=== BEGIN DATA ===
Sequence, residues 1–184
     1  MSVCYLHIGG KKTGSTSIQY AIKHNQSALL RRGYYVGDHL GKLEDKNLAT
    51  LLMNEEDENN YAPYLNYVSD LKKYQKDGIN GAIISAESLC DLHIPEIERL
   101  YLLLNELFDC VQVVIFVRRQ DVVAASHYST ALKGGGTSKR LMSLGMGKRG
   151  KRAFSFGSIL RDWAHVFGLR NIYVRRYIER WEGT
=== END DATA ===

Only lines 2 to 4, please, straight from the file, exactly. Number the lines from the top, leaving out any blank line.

     1  MSVCYLHIGG KKTGSTSIQY AIKHNQSALL RRGYYVGDHL GKLEDKNLAT
    51  LLMNEEDENN YAPYLNYVSD LKKYQKDGIN GAIISAESLC DLHIPEIERL
   101  YLLLNELFDC VQVVIFVRRQ DVVAASHYST ALKGGGTSKR LMSLGMGKRG